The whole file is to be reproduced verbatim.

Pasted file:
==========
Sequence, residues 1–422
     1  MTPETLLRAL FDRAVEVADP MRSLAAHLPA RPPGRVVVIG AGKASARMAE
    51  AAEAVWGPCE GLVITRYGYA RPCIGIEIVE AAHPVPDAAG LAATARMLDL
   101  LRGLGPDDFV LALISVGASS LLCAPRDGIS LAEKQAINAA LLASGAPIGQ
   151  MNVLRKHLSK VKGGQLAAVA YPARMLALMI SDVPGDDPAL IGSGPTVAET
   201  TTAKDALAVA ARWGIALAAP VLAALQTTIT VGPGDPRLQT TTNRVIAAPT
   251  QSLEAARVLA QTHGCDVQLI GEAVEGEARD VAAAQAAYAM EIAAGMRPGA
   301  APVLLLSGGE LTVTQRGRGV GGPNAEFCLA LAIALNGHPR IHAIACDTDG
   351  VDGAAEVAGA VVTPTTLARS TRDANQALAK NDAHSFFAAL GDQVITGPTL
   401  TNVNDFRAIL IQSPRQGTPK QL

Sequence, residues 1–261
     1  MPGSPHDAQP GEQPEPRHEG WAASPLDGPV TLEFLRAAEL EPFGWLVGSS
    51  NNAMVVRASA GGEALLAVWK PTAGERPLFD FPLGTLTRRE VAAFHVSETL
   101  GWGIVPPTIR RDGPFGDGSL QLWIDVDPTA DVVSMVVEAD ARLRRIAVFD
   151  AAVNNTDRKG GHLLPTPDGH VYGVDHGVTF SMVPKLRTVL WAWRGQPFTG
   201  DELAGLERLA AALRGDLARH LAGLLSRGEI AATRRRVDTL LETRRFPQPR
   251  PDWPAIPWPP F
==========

Sequence, residues 1–422
     1  MTPETLLRAL FDRAVEVADP MRSLAAHLPA RPPGRVVVIG AGKASARMAE
    51  AAEAVWGPCE GLVITRYGYA RPCIGIEIVE AAHPVPDAAG LAATARMLDL
   101  LRGLGPDDFV LALISVGASS LLCAPRDGIS LAEKQAINAA LLASGAPIGQ
   151  MNVLRKHLSK VKGGQLAAVA YPARMLALMI SDVPGDDPAL IGSGPTVAET
   201  TTAKDALAVA ARWGIALAAP VLAALQTTIT VGPGDPRLQT TTNRVIAAPT
   251  QSLEAARVLA QTHGCDVQLI GEAVEGEARD VAAAQAAYAM EIAAGMRPGA
   301  APVLLLSGGE LTVTQRGRGV GGPNAEFCLA LAIALNGHPR IHAIACDTDG
   351  VDGAAEVAGA VVTPTTLARS TRDANQALAK NDAHSFFAAL GDQVITGPTL
   401  TNVNDFRAIL IQSPRQGTPK QL

Sequence, residues 1–261
     1  MPGSPHDAQP GEQPEPRHEG WAASPLDGPV TLEFLRAAEL EPFGWLVGSS
    51  NNAMVVRASA GGEALLAVWK PTAGERPLFD FPLGTLTRRE VAAFHVSETL
   101  GWGIVPPTIR RDGPFGDGSL QLWIDVDPTA DVVSMVVEAD ARLRRIAVFD
   151  AAVNNTDRKG GHLLPTPDGH VYGVDHGVTF SMVPKLRTVL WAWRGQPFTG
   201  DELAGLERLA AALRGDLARH LAGLLSRGEI AATRRRVDTL LETRRFPQPR
   251  PDWPAIPWPP F